By 1303, the English again held the upper hand, and Stirling was the last remaining castle in Scottish hands. Edward's army arrived in 1304 and the Scots, under Sir William Oliphant, surrendered on 20 July. Although Edward's victory seemed complete, he was dead by 1307, and Robert Bruce was now King of Scots.

By 1313, only Stirling, Roxburgh, Edinburgh and Berwick castles were held by the English. Edward Bruce, the king's brother, laid siege to Stirling, which was held by Sir Philip Mowbray. Mowbray proposed a bargain: he would surrender the castle, if it were not relieved by 24 June 1314. Bruce agreed, and withdrew. The following summer, the English duly headed north, led by Edward II, to save the castle.

On 23–24 June, King Robert's forces met the English at the Battle of Bannockburn, within sight of the castle walls. The resulting English defeat was decisive. King Edward attempted to take refuge in the castle, but Mowbray was determined to keep to his word, and the English were forced to flee. Mowbray handed over the castle, changing sides himself in the process. King Robert ordered the castle to be slighted; its defences destroyed to prevent reoccupation by the English.

The war was not over, however. The second War of Scottish Independence saw the English in control of Stirling Castle by 1336, when Sir Thomas Rokeby was the commander. Andrew Murray attempted a siege in 1337, when guns may have been used for one of the first times in Scotland.  Robert Stewart, the future King Robert II, retook Stirling in a siege during 1341–1342. Stirling remained Scottish until the end of the war in 1357. In 1360, Robert de Forsyth II was appointed governor of Stirling Castle, an office he passed on to his son John and grandson William, who was governor in 1399.

Under the early Stewart kings Robert II (reigned 1371–1390) and Robert III (reigned 1390–1406), the earliest surviving parts of the castle were built. Robert Stewart, Earl of Menteith, Regent of Scotland as brother of Robert III, undertook works on the north and south gates. The present north gate is built on these foundations of the 1380s, the earliest surviving masonry in the castle. In 1424, Stirling Castle was part of the jointure (marriage settlement) given to James I's wife Joan Beaufort, establishing a tradition which later monarchs continued. After James' murder in 1437, Joan took shelter here with her son, the young James II. Fifteen years later, in 1452, it was at Stirling Castle that James stabbed and killed William Douglas, 8th Earl of Douglas, when the latter refused to end a potentially treasonous alliance with the John of Islay, Earl of Ross and the Alexander Lindsay, 4th Earl of Crawford. James III (reigned 1460–1488) was born here, and later undertook works to the gardens and the chapel royal. The manufacture of artillery in the castle is recorded in 1475. James' wife, Margaret of Denmark, died in Stirling Castle in 1486, and two years later James himself died at the Battle of Sauchieburn, fought over almost the same ground as the Battle of Bannockburn, just to the south of the castle.

Almost all the present buildings in the castle were constructed between 1490 and 1600, when Stirling was developed as a principal royal centre by the Stewart kings James IV, James V and James VI. The architecture of these new buildings shows an eclectic mix of English, French and German influences, reflecting the international ambitions of the Stewart dynasty.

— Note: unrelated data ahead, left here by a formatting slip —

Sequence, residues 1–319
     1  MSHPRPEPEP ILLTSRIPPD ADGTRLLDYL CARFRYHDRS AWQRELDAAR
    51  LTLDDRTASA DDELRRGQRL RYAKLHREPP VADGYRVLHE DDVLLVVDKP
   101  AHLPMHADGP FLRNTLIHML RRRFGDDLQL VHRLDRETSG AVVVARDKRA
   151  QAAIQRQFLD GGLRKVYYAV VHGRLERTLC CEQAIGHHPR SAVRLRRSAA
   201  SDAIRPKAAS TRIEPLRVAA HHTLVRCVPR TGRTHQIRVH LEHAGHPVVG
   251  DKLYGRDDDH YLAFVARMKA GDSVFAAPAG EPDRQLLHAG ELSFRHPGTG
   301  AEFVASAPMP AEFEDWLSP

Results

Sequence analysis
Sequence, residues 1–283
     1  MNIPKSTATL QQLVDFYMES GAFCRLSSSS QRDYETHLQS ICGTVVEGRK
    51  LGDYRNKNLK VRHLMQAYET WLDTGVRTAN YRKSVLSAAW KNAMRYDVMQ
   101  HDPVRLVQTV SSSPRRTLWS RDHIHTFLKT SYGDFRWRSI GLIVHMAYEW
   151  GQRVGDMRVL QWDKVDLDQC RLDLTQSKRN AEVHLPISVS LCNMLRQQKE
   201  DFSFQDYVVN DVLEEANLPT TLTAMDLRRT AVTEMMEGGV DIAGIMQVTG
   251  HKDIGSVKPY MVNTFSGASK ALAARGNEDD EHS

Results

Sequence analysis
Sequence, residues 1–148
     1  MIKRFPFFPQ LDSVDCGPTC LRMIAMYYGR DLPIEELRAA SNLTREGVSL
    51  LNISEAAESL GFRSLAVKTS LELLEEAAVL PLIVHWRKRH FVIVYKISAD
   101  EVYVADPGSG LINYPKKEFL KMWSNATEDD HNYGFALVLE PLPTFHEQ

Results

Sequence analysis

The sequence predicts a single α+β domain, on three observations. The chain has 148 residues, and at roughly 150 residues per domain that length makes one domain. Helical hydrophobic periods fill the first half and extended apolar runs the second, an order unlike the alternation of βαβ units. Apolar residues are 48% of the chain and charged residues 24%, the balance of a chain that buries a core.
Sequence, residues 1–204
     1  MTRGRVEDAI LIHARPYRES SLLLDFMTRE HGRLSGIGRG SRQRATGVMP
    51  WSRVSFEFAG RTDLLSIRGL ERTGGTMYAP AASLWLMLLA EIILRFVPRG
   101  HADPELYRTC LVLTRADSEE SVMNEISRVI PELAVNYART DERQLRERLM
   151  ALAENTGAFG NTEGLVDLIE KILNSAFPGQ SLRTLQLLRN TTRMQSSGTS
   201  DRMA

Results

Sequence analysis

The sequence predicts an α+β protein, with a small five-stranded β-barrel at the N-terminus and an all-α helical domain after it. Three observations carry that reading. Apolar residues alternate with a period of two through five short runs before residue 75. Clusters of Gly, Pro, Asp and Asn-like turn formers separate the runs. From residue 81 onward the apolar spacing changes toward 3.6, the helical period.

Mary, Queen of Scots, was brought to Stirling Castle for safety, and crowned in the chapel royal on 9 September 1543. She too was brought up here, until she was sent to Inchmahome Priory, and then to France in 1548. Queen Mary returned to Scotland in 1561, and visited Stirling Castle frequently. She nursed Henry Stuart, Lord Darnley, through an illness here in 1565, and the two were soon married. Their son, James VI, was baptised here the following year. Mary was travelling from Stirling when she was abducted by the Earl of Bothwell, beginning the chain of events that led to her forced abdication and her flight to England.

The young King James was crowned in the nearby Church of the Holy Rude, and grew up within the castle walls under the tutelage of the humanist scholar George Buchanan. Frequently used as a pawn in the struggles between his regents and the supporters of Mary, the young king was closely guarded. Stirling became the base for James' supporters, while those nobles who wished to see Queen Mary restored gathered at Edinburgh, under William Kirkcaldy of Grange. Grange led a raid on Stirling in 1571, attempting to round up the Queen's enemies, but failed to gain control of the castle or the King.

James' first child, Henry, was born in the castle in 1594, and the present Chapel Royal was constructed for his baptism on 30 August. Like his predecessors Henry spent his childhood here under the 2nd Earl of Mar, until the Union of the Crowns of 1603, when his father succeeded as King of England and the royal family left for London.

After their departure, Stirling's role as a royal residence declined, and it became principally a military centre. It was used as a prison for persons of rank during the 17th century, and saw few visits by the monarch.